Not everybody knows it, but white gold doesn’t exist naturally. It’s made from yellow gold mixed with white metal alloys like palladium or silver.
The reason gold is combined with alloys is because gold, is soft. If pure gold was used on its own in jewellery, it would bend out of shape quickly. For this reason gold has to be mixed with harder alloy metals, to make it more rigid and durable.
Platinum or white gold what’s the difference ?
You may have heard the term “carat”, abbreviated with the letters ct. This measurement is used to describe the purity of gold. The measurement is on a scale of 24, where “24 carat” (or 24ct) represents pure gold. 9ct gold is therefore 37.5% pure gold and 18ct gold is 75% pure gold. The rest is a mixture of alloy metals used to harden the gold. The alloys vary the colour and also how the metal acts, casting alloys work well when molten but crack when cold worked. Thus 18ct gold is 75 % pure bright yellow gold, 25 % alloys. To guarantee the type and purity of metal, all jewellery sold in the UK has to be independently tested by an assay office. We use the London office, everything we produce has been tested and contains all required marks, discover more here.
18ct white gold is a warm white, not bright white metal. If you see white gold looking very bright white and shiny, it’s been given a coating with a silvery-white metal called rhodium. This final rhodium finish gives white gold its bright white colour. Rhodium is expensive thus the plating is generally thin, and will need re-plating on a regular basis, for the rest of it’s life. It is not uncommon for the retailer/ maker to withhold this information, it becomes obvious when the plating wears off and the warm white colour of the white gold becomes exposed. I have seen yellow gold plated with rhodium, most often when jewellery has been bought abroad on a holiday, the maker knowing the chance of return small.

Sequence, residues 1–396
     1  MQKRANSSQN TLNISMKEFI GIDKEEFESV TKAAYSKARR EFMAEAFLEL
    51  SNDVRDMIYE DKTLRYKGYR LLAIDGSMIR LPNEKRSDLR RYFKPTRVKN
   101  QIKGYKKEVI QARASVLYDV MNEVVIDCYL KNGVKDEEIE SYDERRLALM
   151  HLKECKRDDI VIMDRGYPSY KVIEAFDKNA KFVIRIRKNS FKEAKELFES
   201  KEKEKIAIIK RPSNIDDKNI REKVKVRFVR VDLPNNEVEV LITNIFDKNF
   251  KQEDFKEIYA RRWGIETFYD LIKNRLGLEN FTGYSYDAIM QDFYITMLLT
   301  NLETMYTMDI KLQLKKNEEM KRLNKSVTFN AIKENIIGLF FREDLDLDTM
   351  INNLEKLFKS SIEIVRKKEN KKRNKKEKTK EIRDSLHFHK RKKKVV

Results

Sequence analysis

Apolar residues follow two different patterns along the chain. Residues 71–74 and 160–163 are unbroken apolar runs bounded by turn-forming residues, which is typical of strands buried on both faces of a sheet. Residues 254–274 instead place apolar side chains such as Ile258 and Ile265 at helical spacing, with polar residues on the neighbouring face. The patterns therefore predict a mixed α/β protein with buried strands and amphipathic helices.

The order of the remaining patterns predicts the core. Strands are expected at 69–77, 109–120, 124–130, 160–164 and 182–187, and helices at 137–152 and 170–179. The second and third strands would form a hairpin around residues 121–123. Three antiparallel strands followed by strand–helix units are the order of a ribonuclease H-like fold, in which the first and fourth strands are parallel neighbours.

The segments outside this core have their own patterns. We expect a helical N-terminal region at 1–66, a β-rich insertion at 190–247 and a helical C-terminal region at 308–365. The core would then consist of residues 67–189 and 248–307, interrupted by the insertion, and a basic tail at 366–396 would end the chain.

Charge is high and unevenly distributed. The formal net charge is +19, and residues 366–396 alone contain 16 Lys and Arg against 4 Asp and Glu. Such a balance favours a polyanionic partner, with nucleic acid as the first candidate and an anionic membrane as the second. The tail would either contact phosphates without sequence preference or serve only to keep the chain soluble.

I like the natural warm white colour of white gold, it’s the perfect contrast against the yellow gold in my diagonal stripe and dot and circle rings,
I don’t and have never rhodium plated any of my jewellery.
Platinum and white gold are two very different metals.
The biggest obvious difference between platinum and white gold is that platinum is a naturally white metal. It is rarer than gold, much heavier and more durable. It can be used in a purer form than gold, usually at about 95%. Platinum is consequently more expensive than gold. Platinum has the advantage of age and work hardening, the longer and more you wear platinum jewellery, the harder it gets, and more securely set the stones.
Platinum may be a higher investment initially, but its enduring nature makes it the best value in the long run, if you want a bright white piece of jewellery. One more benefit of platinum is that it is hypoallergenic.
Many jewellers shy away from using Platinum as they lack the skills and tools required to work & polish platinum, they find it’s easier to plate white gold.
If you still can’t decide between gold and platinum, don’t worry, I’d welcome you to make an appointment to come and look at the two metals.
I’ll gladly help answer any questions you have about gold vs platinum, to ensure I make you a pieces of jewellery that will bring you a lifetime of delight.